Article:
In the course of three-year study of 23 thopes across 18 villages, Mundoli and Nagendra used village maps, government records and GPS positioning and a qualitative questionnaire to reconstruct the ecosystems and ecosystem services provided by the thopes. These groves were in different conditions, with nearly 18 in a degraded state, now home to illegal dumping and wastelands. In their original form, these wooded groves served a number of functions for the communities that lived alongside or maintained them. They were sources of livelihood, subsistence, rich ecosystems home to several species of birds and insects,and regulating the micro-climate. Fruit and yield from the trees were often shared by the community and various nomadic communities took residence in the groves.
Given a great deal of land use changes, conversion, encroachment and degradation, the nature of the wooded groves have rapidly changed. Communities have a smaller role in maintaining the thopes, and new legislations have made the use of trees for firewood or lumber illegal.
Lakes, too, tend to be first casualties of urbanisation. In another study of 31 lakes in 30 sites identified from archival data, and Kannur, Nallurhalli and their management structures, Mundoli and Nagendra established that only 12 lakes remain in usable condition. They used GIS and GPS mapping, filed RTIs and did field surveys to analyse aspects of the lake system in periurban Bengaluru, tracing changes from the past to present. In total, 212 lakes over the span of 365 hectares face the problems of conversion, encroachment and pollution. The surrounding ecosystems of lakes that include village forests, sacred groves and pastures are closed off and there is inequity in access to these commons. Gentrification had entailed the loss of cultivation of millets on lake beds, and fodder grazing for livestock. What were important resources in the time of need for the poor were now closed off private spaces or parks.
‘Restless landscapes’ and ecological degradation
These erstwhile commons are now peri-urban “restless landscapes” that have led to problems of governance, ecological degradation and poverty.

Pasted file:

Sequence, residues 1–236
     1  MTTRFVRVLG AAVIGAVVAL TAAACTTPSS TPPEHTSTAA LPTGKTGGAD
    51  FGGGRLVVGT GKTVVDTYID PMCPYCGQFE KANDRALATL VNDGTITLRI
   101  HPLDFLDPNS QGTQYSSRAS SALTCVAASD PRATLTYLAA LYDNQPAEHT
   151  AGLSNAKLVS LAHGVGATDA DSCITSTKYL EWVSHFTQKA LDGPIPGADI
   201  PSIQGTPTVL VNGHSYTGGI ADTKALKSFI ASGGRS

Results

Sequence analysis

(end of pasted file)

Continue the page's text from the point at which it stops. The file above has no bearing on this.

India’s ambitious Smart City Mission dreams of a future in which a hundred cities in India are crafted to a vision of economic and technical perfection; with information, communication, technology and infrastructure as key pillars of their development. Deep at the heart of these aspirations for the future is the absence of the natural world, or ecological commons, that have long sustained and supported the needs of human beings. As India rapidly urbanises, with 50% of the population expected to live in cities by 2020, lakes, wooded groves and ponds, and with them the people who take care of and depend on these spaces, are being crowded out or forgotten.
The use of land and water by marginalised communities is often ignored or written away by new policies as India urbanises. As the urban sprawls into the rural areas, those common spaces on which people depend rapidly deplete and are repurposed for more commercial or industrial use. A notion of the urban has come to exist in which it is seen as an environment that has nothing to do with city.
Cities and canopies
Challenging the views and formulations of development speak in urban mission and planning, Mundoli and Nagendra draw attention to the idea of cities as places of deep socio-ecological balance. It’s common to think about nature or ecology as environments that have nothing to do with city; hills and rivers far away from our roads and traffic and congestion. But cities can be places where lakes and ponds and trees coexist, and are taken care of by the people who live near them. For a long time, commons were considered a feature of the village or the rural. Their work tells us that commons are, or were, very deeply a part of urban landscapes.
It is important that cities, regardless of their need to ensure employment generation and economic development, plan for resilience. Urbanisation presents an opportunity to build sustainable cities that incorporate commons. Natural spaces within cities can prove to be crucial commons.
Centre for Climate Change and Sustainability
Strengthening India's response to the climate crisis